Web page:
There is a lot you can pull from Palmer quote, and throughout the text, but the words I keep coming back to are “heart”, “courage”, and “community.” As a student, I look at this as the core of our first days of student teaching and takeover in the classroom – weaving ourselves into the classroom community so that we can learn from the students and the teachers. To use our hearts, in our teaching and how we interact with students, to open doors and build bridges for learning, inspiration, and empowerment. And to have the courage to be vulnerable, and to stay vulnerable for the greater good of the classroom – to be an example for importance and the respect we should have for the community in our classrooms. Everyday to connect with students and weave content into our lives, we have to wear our heart on our sleeves. It has to be out there to be seen, to be believed, to be accepted by our students – and we have to create a classroom where it is respected. Everything we do is ‘for the kids’, it’s how I’ve approached any job I’ve had – making these connections, having courageous (truthful) conversations and weaving a fabric of community. I think a lot of it comes in response to my experiences in school, which was a stark contrast to this.
In my experience, I honestly can’t say if I had a middle school or high school teacher that taught in this way or connected with me. I respected all of my teachers, as I was raised to do, but it never went beyond that. I was always the outsider – whether it was a place I was put, a feeling I could never shake, or a place I stayed to survive, I can’t really say. I never made the effort to speak with them or engage in conversations in or out of class, I never asked for help, and I definitely never hung out in their classes or spent time with them outside of my assigned class period. Any efforts they made were either to ask if I had an older brother or an occasional personalized hello when I walked into the classroom, which I always responded with eye contact, a charming smile, and a “Hi Mr/Ms/Mrs…”. I was pleasant. I never expected more from them and they never expected more from me. I was perfectly content with my ‘satisfactory’ citizenship marks because I was quiet, or because I didn’t raise my hand or participate in classroom discussions.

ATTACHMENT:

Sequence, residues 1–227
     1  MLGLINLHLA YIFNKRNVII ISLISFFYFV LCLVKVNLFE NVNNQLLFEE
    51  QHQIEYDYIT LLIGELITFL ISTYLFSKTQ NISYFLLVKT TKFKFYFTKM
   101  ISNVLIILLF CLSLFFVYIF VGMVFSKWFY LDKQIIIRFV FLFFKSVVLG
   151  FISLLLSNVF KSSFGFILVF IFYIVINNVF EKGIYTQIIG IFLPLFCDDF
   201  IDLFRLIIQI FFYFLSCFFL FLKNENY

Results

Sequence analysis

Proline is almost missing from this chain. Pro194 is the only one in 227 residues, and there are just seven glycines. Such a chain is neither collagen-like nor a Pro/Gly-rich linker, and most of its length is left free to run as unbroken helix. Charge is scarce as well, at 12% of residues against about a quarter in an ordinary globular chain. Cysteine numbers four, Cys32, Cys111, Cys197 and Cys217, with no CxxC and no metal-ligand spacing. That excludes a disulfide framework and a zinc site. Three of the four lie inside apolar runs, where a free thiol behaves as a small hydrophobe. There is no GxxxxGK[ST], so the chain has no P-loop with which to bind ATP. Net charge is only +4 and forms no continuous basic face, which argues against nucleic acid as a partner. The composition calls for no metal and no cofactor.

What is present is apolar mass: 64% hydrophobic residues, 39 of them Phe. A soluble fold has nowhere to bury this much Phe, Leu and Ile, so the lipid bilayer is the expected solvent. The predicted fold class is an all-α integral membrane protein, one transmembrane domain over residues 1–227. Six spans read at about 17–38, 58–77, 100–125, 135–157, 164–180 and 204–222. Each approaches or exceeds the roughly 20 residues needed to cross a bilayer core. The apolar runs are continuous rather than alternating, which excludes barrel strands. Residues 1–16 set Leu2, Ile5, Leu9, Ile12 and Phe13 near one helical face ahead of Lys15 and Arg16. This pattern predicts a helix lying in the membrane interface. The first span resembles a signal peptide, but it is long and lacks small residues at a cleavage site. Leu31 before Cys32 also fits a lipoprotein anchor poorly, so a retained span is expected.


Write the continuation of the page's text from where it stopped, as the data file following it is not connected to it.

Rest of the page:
From my perspective as an MAT student and working in a high school setting, I do agree with Palmer, and making vulnerable connections with students about who I am and what I’m passionate about is something that I’ve always done. But when I read the text from the perspective of me as a high school student I don’t know if I was as impacted. I went to good schools, I had very knowledgeable teachers who were passionate about teaching and their content areas. I had good teachers, great teachers, cool teachers, funny teachers, and a lot of teachers I can’t remember, but just because I didn’t connect with any of them doesn’t make them less of a teacher in my mind, or take away from what they taught me, or the connections they made with any of my peers. My personal identity was so grounded in my cultural background and my family life that I don’t think it would have made a difference or impacted my education in anyway. I’ve always stayed true to my own identity and my knowledge and confidence of who I was never wavered. If anything, my experiences made me appreciate the opportunities I had in college to connect who I was with what I was learning – which probably wouldn’t have been as easy for me without some of the educational tools they taught me.